Do not combine medicines and First Aid supplies. They can live in the same cupboard, but have a box of remedies seperate to your First Aid box. You really do not want to be sorting between your lozengers and cough medicines in an emergency. Important - when administering medication, read all labels, check use-by-dates and consult your first aid manual or a trained first aider/health professional.
- Analgesic tablets or capsules - Paracetamol, Ibuprofen or Aspirin 5. For children, include some sachets of Calpol or other paracetamol-based suspensions. These are invaluable in reducing pain and fevers. Ensure you have some soluble analgesics too, as these are helpful for reducing the pain of throat infections like tonsillitis.
- Antihistamine cream - For insect bites and stings. Helps reduce the swelling and pain after being stung by a bee or wasp.
- Antihistamine tablets - To help reduce the effects of allergic reactions.
- Antiseptic solution - For instance TCP/Betadine. Helps to clean a wound of bacteria. Useful if the injury has occurred on something like glass or metal, which could lead to Tetanus.
- Calamine Lotion - For the relief of itch from sunburn or rash from insects/plants.
- Petroleum Jelly - Such as vaseline (alternatively, a water-based lubricant like KY Jelly). Assists in the removal of rings and so forth from swollen digits and has a variety of other uses6.
Natural First Aid
Here are some natural remedies to consider for your first aid kit or medicine cabinet All of the remedies are available at any well-stocked health-food store and by mail-order. Be sure to buy pure essential oils, not fragrance oils.
- Aloe vera gel: Cooling and healing, aloe vera (Aloe vera) soothes the inflammation of sunburn and common kitchen scalds and burns.
- Arnica gel or cream: Arnica (Arnica montana) flowers have anti-inflammatory and circulation-stimulating properties; the gel or cream is excellent for sore muscles, sprains, strains and bruises. Do not apply arnica to broken skin.
- Calendula-comfrey salve: The bright yellow-orange blossoms of calendula (Calendula officinalis) have astringent, antibacterial, antifungal, anti-inflammatory and wound-healing properties. Comfrey (Symphytum officinale) contains allantoin, a compound that stimulates the growth of new tissue and helps heal wounds.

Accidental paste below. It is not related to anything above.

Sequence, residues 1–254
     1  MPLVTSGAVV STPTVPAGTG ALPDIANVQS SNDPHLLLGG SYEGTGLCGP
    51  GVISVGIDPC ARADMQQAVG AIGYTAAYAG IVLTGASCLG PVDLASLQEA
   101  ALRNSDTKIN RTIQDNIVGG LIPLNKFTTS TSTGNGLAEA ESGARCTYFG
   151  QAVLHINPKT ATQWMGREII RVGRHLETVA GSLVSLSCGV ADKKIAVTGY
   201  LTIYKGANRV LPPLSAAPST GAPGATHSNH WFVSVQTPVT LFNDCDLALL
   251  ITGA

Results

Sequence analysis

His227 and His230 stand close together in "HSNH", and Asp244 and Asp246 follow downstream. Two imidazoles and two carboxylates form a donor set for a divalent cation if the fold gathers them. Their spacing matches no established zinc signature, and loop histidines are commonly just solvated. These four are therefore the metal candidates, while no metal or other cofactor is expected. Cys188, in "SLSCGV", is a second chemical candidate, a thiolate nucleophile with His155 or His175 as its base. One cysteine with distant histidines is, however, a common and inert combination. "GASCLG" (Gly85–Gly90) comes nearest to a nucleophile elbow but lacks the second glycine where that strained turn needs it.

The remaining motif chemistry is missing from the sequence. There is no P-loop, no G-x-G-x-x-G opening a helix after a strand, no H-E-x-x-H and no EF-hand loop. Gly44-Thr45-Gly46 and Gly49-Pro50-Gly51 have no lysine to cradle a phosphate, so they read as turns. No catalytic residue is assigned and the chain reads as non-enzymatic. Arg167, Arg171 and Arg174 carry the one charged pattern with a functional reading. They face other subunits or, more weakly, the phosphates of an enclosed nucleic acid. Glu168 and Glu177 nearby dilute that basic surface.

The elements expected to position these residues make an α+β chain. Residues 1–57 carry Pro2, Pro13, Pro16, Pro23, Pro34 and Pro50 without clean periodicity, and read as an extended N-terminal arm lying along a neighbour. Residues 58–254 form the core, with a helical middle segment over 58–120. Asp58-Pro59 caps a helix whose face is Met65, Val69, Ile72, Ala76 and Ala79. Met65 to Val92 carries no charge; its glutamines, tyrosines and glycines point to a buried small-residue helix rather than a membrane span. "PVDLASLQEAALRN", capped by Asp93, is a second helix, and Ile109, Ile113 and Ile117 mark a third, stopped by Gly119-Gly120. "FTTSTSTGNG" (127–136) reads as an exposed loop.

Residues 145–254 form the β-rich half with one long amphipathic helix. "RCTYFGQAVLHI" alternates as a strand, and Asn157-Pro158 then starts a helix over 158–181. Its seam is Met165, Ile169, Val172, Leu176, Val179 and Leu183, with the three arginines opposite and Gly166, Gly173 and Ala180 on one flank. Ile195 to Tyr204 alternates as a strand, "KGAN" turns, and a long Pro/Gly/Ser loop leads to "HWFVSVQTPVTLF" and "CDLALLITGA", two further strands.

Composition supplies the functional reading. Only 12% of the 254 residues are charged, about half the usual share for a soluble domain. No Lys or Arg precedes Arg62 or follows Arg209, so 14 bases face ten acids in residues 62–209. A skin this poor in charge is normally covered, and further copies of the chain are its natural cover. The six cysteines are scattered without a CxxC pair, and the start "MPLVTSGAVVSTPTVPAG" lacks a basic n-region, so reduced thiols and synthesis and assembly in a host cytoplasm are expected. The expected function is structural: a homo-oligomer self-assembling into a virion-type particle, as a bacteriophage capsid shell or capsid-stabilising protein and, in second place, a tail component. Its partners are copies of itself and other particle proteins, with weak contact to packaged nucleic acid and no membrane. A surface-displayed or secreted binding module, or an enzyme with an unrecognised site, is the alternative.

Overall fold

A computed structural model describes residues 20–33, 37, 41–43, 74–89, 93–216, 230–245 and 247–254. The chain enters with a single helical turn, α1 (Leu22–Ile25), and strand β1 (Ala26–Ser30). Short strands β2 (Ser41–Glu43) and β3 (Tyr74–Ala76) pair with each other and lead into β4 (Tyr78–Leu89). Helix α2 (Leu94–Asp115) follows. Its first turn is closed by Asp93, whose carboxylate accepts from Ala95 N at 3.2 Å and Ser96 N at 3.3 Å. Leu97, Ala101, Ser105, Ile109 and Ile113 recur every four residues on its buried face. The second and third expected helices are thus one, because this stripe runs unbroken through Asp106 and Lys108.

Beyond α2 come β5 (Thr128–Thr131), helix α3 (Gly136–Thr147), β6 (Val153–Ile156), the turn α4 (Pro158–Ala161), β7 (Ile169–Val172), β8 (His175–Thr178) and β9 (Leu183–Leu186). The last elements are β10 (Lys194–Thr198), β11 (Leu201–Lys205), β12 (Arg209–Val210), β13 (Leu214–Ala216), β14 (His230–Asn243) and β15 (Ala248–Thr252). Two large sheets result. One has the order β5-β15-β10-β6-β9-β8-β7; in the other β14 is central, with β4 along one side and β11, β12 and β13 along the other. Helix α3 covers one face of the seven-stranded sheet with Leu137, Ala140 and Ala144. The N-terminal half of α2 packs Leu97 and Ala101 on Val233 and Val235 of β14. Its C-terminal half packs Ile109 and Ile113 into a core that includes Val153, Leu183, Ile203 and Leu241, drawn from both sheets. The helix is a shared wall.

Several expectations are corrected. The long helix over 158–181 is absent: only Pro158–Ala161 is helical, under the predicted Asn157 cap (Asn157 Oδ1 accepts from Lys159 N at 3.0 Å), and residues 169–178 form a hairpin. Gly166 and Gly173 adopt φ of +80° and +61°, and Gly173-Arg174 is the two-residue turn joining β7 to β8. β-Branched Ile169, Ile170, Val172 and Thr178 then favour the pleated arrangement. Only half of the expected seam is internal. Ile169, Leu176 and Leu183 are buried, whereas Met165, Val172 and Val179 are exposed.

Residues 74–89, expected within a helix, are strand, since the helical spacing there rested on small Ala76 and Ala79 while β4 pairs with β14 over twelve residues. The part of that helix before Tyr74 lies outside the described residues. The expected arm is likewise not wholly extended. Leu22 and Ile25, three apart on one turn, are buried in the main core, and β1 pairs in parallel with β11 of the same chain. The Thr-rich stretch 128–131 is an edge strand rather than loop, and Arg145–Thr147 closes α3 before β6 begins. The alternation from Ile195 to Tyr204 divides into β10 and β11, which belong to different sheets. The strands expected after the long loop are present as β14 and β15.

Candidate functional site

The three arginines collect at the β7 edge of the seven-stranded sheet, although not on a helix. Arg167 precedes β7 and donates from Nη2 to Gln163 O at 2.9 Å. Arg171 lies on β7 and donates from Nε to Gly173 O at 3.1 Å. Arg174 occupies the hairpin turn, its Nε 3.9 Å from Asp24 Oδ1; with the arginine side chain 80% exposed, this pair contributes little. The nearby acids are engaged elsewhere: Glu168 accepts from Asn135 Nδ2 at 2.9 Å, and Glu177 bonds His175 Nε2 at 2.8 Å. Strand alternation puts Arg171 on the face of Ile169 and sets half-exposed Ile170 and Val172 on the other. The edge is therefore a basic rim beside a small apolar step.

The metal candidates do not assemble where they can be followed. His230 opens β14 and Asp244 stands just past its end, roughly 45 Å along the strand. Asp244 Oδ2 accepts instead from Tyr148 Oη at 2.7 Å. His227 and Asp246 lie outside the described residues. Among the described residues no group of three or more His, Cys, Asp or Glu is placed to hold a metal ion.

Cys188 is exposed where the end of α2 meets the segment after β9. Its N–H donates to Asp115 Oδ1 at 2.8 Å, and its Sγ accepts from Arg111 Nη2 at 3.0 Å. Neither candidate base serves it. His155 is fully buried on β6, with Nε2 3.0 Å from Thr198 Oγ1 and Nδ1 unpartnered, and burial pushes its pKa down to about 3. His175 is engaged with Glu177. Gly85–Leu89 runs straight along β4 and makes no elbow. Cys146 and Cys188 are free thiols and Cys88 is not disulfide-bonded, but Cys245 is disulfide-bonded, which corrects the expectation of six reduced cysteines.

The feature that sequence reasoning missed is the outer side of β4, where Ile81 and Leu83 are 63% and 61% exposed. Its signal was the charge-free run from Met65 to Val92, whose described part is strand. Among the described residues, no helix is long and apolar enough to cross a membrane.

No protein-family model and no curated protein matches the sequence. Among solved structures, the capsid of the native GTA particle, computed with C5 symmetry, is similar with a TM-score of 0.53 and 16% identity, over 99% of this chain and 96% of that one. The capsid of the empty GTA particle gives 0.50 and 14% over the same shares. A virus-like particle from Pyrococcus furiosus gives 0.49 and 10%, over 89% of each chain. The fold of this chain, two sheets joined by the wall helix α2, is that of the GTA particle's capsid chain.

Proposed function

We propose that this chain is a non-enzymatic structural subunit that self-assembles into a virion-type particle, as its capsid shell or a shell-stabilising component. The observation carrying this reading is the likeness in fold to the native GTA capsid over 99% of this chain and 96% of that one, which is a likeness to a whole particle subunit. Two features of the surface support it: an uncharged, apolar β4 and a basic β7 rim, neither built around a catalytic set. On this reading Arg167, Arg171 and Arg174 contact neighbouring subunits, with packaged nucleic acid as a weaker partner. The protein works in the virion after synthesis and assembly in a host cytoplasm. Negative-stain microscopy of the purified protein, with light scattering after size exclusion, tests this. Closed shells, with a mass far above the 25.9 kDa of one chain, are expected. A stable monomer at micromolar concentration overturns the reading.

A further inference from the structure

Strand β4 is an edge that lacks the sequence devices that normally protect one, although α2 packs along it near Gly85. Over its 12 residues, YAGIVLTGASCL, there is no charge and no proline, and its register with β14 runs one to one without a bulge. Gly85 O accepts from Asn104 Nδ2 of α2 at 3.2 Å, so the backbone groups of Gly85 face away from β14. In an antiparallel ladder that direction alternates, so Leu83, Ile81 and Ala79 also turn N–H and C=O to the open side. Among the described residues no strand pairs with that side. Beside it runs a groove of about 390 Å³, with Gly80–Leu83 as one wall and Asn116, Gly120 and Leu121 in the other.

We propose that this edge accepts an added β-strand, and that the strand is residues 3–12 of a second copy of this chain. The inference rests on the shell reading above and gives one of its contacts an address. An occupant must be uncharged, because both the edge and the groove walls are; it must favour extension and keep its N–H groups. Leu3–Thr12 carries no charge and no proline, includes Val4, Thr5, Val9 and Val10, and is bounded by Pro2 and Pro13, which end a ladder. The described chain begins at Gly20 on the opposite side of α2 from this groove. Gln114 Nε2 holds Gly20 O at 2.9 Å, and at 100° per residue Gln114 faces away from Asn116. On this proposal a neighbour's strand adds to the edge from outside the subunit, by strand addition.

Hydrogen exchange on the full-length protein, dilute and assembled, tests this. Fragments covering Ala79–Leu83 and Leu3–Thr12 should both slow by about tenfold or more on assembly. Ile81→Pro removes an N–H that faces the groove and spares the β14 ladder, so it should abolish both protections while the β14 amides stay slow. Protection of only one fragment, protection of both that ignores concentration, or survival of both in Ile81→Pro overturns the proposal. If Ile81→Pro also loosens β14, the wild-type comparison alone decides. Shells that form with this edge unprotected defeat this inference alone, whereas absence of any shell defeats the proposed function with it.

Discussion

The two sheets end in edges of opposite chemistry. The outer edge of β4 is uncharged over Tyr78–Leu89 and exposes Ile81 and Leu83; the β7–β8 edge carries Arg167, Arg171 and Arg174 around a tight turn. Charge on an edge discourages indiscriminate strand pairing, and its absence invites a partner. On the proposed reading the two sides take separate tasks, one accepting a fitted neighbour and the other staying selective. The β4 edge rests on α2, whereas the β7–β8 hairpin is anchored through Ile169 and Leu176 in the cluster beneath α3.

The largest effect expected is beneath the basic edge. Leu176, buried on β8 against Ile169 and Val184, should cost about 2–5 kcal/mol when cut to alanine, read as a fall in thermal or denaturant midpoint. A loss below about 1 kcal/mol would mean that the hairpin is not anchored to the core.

- Chamomile tea bags: With its delicious distinctive flavor, chamomile (Matricaria recutita) makes a tasty tea. Gentle enough for children, chamomile has mild sedative, antispasmodic, anti-inflammatory and antibacterial properties. It promotes relaxation, relieves indigestion and, when applied topically, soothes skin irritations.
- Citronella-based insect repellant: Most herbal repellants contain citronella, a pungent citrus-scented essential oil distilled from an aromatic grass that grows in southern Asia. Herbal insect repellants work well, as long as they’re applied liberally and frequently (as often as every two hours).
- Echinacea liquid extract: Rich in immune-stimulating chemicals, echinacea (Echinacea spp.) can be used for any type of infection. Liquid extracts are the most versatile because they can be used both internally and externally.
- Elderberry capsules or liquid extract: Elderberry (Sambucus nigra) is essential for stopping a cold or flu from ruining your vacation. The berries contain compounds that prevent cold and flu viruses from invading and infecting cells. If you’re flying or otherwise potentially exposed to viruses, taking elderberry is a good preventive. If you do come down with a cold or flu, taking elderberry can hasten your recovery time.
- Eucalyptus essential oil: A potent antibiotic and antiviral, eucalyptus (Eucalyptus globulus) is excellent for treating colds, flus and sinus infections when used as a steam inhalation. Dilute with oil or witch hazel extract before applying to the skin, and do not take internally. Ginger capsules, tea bags and crystallized ginger: The antispasmodic and gas-relieving properties of ginger (Zingiber officinale) soothe digestive upsets. Ginger also has been proven to relieve motion sickness better than Dramamine, the conventional drug treatment.
Another important part of a First Aid Kit, is keeping it topped up. When you use something, put that item on your next shopping list. Keep a list of items in your kit, and when you do your yearly spring clean, check your first aid kit for out of date medications and things that need replacing.
Also, if you have children or intend to have children, why not take a First Aid course. There are lots of courses available all over so don't out it off. Hopefully you will never need it, but it will give you confidence to act in a situation where you need to think quickly. While we are on the safety of your household, do take the time to write down emergency numbers and keep them by the phone or on the fridge.
If you have pets, inform yourself about the methods of first aid that can help save you pet. Choking is a very real danger, so take a minute to read up about the Heimlich manoeuvre for pets here or search online specifically about your type of pet. Most vet's have an emergency number that you can call at any time of day - add that to your list of emergency numbers to keep near the phone.Here are some great First Aid packs, kits and books that I've found online.
From left to rightTop: A very organised First Aid Kits devided by symptom with instructions about what to do, it's called Intelligent First Aid; An up-to date First Aid Manual by the St Johns Ambulance; A First Aid Kit for Pets
That's it for my post about First Aid in the home. I really intend to take this post of mine to heart and set up a well organised First Aid Kit in our home. I hope you will do the same, or at least check that you have everything you need. You cannot put a price on the safety of you and your family.